Microsoft Updates Entity Framework, Even as EF Core Ascends
Microsoft shipped a new runtime release of the nine-year-old Entity Framework object/relational mapper (O/RM) even as it cedes mindshare to the newer, lightweight, open source and cross-platform version, Entity Framework Core.
While the Entity Framework 6.2 runtime has been released, associated tools for it weren't shipped but are on the way.
Since the days of Visual Studio 2008 and .NET Framework 3.5 in 2008, Entity Framework has served as the primary data-access technology for the .NET ecosystem.
Still enjoying tremendous popularity, it was last year described by Microsoft as the most popular package listed by NuGet.org, overseer of the NugGet package manager.
In fact, if you go to the Packages page of that site right now, it appears in the No. 3 slot (out of 95,345 packages), having been downloaded more than 35 million times.
However, as Microsoft moves much of its developer tooling and associated frameworks to lighter, more accessible, cross-platform "x.Core" versions, the EF Core project (Microsoft.EntityFrameworkCore 2.0 on NuGet; aspnet/EntityFrameworkCore on GitHub) is getting more attention.
This younger cousin is a rewritten version of the traditional Entity Framework that supports the new .NET Standard 2.0 for consistent API usage across all .NET implementations. EF Core 2.0 -- while introducing many new improvements and features over EF 6 -- shows its immaturity in its lack of some other EF 6 capabilities that .NET programmers have long gotten used to.
For example, while EF Core provides new features -- such as alternate keys and mixed client/database evaluation in LINQ queries -- that Microsoft said wouldn't be implemented in EF 6, it also lacks EF 6 features such as lazy loading, connection resiliency, server-side GroupBy query support and others.
Some missing capabilities are targeted for future versions, such as the EF Core 2.1 release expected in the first quarter of next year.
Meanwhile, Microsoft continues to support the EF 6 project, just yesterday releasing the EF 6.2 runtime.
"While most of the focus of the EF team is nowadays on adding new features and improvements to EF Core, we plan to keep fixing important bugs, implementing small improvements, and incorporating community contributions in the EF 6 codebase," said project chief Diego B Vega in a blog post. "To a great extent, it is thanks to the efforts [of] our community of open source contributors that EF 6.2 includes numerous bugs fixes and product enhancements."
Vega said the most important changes, including bug fixes, are:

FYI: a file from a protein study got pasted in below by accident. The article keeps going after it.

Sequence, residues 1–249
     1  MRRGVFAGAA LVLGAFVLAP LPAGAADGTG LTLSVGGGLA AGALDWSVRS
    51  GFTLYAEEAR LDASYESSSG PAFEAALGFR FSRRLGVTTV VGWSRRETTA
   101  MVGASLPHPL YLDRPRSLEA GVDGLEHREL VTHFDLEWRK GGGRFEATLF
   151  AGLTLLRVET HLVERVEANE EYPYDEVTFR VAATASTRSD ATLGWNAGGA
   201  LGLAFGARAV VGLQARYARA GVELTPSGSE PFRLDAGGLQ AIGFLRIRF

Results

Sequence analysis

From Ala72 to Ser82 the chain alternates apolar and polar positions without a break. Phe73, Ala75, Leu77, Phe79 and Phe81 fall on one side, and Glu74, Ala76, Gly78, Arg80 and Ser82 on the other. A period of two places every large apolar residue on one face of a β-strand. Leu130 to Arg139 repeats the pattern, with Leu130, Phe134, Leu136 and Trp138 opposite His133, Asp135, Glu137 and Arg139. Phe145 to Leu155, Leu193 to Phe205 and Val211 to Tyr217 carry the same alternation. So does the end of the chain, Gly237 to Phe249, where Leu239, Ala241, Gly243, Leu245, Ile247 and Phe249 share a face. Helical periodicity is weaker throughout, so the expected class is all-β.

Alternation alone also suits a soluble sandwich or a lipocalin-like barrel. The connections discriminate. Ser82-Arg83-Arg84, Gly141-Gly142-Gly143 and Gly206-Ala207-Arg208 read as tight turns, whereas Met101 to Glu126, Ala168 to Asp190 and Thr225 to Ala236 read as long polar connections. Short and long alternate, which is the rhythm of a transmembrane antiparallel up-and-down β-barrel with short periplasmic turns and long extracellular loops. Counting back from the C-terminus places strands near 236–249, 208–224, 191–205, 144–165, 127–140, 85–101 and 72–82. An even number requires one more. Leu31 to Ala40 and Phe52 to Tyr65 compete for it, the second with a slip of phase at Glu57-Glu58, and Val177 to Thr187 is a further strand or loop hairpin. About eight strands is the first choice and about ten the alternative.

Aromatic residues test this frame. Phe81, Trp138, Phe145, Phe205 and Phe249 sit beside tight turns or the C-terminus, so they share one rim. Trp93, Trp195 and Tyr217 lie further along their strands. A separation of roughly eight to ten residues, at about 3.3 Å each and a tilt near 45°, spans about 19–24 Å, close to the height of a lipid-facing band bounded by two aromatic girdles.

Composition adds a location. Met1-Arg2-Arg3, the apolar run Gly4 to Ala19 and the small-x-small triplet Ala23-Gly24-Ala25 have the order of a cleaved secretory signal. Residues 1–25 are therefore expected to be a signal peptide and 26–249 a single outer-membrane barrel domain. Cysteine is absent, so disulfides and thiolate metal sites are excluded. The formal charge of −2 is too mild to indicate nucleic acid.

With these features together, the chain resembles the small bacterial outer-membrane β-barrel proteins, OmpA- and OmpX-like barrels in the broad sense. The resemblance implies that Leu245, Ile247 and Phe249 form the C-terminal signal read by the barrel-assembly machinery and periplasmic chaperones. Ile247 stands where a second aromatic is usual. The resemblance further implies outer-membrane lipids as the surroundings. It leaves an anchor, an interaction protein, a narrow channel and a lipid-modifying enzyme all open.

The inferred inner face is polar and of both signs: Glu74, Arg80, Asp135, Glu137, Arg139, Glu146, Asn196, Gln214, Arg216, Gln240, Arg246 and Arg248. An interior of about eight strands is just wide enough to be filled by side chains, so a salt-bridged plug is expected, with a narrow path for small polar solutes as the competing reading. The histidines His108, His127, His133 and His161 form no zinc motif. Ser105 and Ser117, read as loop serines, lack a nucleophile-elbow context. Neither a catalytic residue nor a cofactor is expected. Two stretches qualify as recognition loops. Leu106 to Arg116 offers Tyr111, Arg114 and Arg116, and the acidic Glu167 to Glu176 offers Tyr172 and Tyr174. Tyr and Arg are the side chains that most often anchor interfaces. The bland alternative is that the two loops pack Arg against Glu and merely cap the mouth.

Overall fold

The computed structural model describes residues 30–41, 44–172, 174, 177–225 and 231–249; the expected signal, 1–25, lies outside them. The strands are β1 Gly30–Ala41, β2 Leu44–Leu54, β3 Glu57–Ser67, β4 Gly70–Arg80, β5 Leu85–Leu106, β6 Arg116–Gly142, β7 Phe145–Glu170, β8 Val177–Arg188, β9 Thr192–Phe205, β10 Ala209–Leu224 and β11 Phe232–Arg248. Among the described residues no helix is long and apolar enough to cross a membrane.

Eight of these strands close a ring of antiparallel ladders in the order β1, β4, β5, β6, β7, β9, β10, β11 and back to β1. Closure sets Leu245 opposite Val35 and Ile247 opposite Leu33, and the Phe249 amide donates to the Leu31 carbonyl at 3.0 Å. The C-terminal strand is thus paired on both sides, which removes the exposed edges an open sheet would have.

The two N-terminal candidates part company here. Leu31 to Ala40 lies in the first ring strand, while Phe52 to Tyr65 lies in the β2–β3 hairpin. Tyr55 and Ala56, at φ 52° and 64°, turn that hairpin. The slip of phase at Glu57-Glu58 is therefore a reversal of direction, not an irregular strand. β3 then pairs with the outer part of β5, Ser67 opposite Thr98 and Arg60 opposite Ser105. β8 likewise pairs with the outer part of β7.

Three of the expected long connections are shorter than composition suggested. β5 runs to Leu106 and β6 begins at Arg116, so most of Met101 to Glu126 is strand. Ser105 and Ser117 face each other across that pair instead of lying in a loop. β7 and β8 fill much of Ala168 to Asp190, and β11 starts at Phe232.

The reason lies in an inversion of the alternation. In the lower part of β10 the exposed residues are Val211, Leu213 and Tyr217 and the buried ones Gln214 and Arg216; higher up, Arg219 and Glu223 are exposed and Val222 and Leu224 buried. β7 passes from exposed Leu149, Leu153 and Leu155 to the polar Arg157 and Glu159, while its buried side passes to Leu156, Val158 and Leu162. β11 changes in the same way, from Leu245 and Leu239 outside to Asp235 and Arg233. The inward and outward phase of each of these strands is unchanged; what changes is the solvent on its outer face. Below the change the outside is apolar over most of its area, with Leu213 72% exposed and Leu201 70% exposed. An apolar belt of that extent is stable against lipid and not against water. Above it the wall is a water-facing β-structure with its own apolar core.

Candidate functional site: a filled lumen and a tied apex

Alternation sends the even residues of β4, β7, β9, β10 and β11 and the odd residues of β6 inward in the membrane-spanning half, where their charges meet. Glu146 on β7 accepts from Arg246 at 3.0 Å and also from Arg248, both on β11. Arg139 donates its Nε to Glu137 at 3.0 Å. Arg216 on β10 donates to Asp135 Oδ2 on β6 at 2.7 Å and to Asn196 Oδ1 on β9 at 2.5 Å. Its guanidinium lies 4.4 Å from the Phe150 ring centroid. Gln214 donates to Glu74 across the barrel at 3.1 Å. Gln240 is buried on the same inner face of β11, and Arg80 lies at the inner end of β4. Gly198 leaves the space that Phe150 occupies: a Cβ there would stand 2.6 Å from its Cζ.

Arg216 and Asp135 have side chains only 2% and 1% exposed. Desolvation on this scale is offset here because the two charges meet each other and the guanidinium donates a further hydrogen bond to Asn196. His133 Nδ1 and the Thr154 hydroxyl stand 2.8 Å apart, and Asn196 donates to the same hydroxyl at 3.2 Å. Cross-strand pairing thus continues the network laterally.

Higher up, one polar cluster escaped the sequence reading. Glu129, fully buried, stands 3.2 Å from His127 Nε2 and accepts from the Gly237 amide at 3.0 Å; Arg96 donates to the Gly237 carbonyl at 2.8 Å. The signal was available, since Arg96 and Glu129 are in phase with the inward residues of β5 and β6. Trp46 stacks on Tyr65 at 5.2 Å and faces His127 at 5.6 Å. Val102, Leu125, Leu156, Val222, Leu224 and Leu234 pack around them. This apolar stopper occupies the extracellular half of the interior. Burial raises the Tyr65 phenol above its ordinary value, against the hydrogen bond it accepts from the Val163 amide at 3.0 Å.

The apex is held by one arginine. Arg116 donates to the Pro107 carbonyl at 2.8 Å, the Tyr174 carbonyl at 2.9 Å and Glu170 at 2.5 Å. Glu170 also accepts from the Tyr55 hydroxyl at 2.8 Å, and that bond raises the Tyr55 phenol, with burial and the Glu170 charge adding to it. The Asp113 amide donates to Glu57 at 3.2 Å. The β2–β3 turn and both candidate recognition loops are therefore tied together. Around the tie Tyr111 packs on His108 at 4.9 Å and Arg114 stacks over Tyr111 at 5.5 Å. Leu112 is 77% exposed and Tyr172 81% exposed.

- Reduce start up time by loading finished code first models from a persistent cache #275
- Fluent API to define indexes #274
- DbFunctions.Like() to enable writing LINQ queries that translate to LIKE in SQL #241
- Migrate.exe should support -script option #240
- EF6 does not work with primary key from sequence #165
- Update error numbers for SQL Azure Execution Strategy #83
- Bug: Retrying queries or SQL commands fails with "The SqlParameter is already contained by another SqlParameterCollection" #81
- Bug: Evaluation of DbQuery.ToString() frequently times out in the debugger #73
One of those community contributors thanked by Vega is Erik Ejlskov Jensen, who Vega said has taken over the EF Power Tools project with a "Community Edition" fork. EF Tools provide design-time utilities for EF 6 that can be invoked via the Visual Studio Solution Explorer context menu -- for example, by right-clicking in code files to view an underlying Entity Data Model, generate views and so on. The GitHub project for the new community EF 6 Power Tools shows 36 stars and 49 contributors.
Speaking of tools, Vega said that while the EF 6.2 runtime packages have been released, the associated tools aren't quite ready for prime time, needing work to address outstanding issues. The tools will be provided automatically in a future Visual Studio 2017 upgrade and will be available via downloadable installers for previous versions of Visual Studio.
Along with the upcoming EF 6.2 tools, Vega said other future work involves porting the EF 6 documentation to the Microsoft Docs platform and improving support for NuGet's PackageReference.
Meanwhile, work is continuing on EF Core. Vega has published a roadmap of the project and has shed light on the project's Release Planning Process.
Until the EF Core project gets features such as lazy loading and GroupBy in v2.1 early next year, however, many developers will stay clear.
David Ramel is the editor of Visual Studio Magazine.